Automation, trade barriers unlikely to impact Indian economy: Karen Harris
New Delhi: Falling automation costs and less open global trade are unlikely to disrupt the Indian economy as much as in some other major economies due to the favourable labour market situation and robust domestic demand, according to Karen Harris, managing director of consulting firm Bain & Company Inc.’s macro trends group.
Among the broad global trends identified by Bain & Company that will have a favourable impact on India’s economic indicators is the rise of alternative sources of energy, which is putting a lid on the price that petroleum products command in world markets.
Harris said in an interview that ‘abundance of labour’ and relatively low wages meant slower adoption of automation in India. Besides, automation has been nascent in the field of services which accounts for a larger share of the Indian economy than manufacturing. Automation has been the norm for gaining efficiency in the manufacturing sector for decades. “India is the only country with scale which has superabundance of labour which means India may be slow to take up automation,” said Harris.
Falling cost of automation and policies of national governments meant to protect local industry and jobs from other low cost markets have been increasingly shaping business strategies. Harris said India’s labour market is distinct from those in China and some other economies where wages have gone up sharply in recent years.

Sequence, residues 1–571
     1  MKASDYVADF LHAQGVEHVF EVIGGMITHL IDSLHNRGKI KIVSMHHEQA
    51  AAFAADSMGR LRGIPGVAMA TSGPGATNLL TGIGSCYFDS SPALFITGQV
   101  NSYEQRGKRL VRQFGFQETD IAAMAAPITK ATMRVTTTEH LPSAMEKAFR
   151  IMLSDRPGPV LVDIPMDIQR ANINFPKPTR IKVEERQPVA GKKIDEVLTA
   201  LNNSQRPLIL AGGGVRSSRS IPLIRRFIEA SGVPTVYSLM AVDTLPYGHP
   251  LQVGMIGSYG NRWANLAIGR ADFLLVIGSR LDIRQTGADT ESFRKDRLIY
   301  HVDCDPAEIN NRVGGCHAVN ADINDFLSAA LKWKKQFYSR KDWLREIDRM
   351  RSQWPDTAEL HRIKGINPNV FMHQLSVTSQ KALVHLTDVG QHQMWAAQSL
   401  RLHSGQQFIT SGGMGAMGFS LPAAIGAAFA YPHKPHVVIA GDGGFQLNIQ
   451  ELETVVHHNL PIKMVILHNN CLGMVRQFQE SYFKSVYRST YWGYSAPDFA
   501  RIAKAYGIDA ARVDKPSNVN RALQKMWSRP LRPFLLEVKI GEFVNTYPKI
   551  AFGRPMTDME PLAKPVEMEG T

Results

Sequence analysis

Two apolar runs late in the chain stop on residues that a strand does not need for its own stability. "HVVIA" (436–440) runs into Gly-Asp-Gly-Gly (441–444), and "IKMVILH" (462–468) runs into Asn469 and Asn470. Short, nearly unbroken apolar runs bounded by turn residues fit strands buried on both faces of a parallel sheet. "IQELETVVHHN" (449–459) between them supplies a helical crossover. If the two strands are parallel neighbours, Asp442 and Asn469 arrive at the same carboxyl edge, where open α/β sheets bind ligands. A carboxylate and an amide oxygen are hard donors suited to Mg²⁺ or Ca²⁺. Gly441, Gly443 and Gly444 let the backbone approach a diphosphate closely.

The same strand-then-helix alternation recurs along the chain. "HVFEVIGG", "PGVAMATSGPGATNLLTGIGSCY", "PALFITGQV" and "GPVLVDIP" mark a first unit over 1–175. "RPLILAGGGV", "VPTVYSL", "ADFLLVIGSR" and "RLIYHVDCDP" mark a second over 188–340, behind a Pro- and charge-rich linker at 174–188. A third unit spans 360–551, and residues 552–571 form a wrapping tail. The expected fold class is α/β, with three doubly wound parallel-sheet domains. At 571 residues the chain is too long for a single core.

In China, a few years ago, it used to take about five years for an industrial robot to break even. Today, the cost of automation has come down and the cost of labour has gone up and it now takes barely 1.5 years, she said.
“You have to look at individual sectors and see the labour availability. If a large pool of cheap labour is available in that job category, the adoption of automation will be slower because the cost trade off will be less,” she said. It is estimated that automation could hit 20-25% of jobs in the US in coming years, creating 40 million unemployed.
Indian economy is unlikely to be hurt by protectionist trends in global trade, said Harris. “India is in a unique position with its large consuming population which is an advantage to the Make in India drive. Manufacturing with the hope of serving overseas markets is very difficult in today’s environment. In the post globalization world, where trade is more difficult and automation makes manufacturing more and more possible locally, having a robust demand gives tremendous advantage,” said Harris.
The rise of alternative sources of energy including solar, wind and biomass has been helpful to contain oil prices in world markets, a trend that is of significance to India in terms of current account balance and inflation. Harris said the era of liquid petroleum controlling the price of energy has ended. “The dominance of coal dropped in 1930s with the advent of cars on a mass scale and the surge in consumption of refined petroleum products. We expect the same trend in oil too. The growth of alternatives has touched a tipping point which has capped the price of petroleum fuels,” said Harris.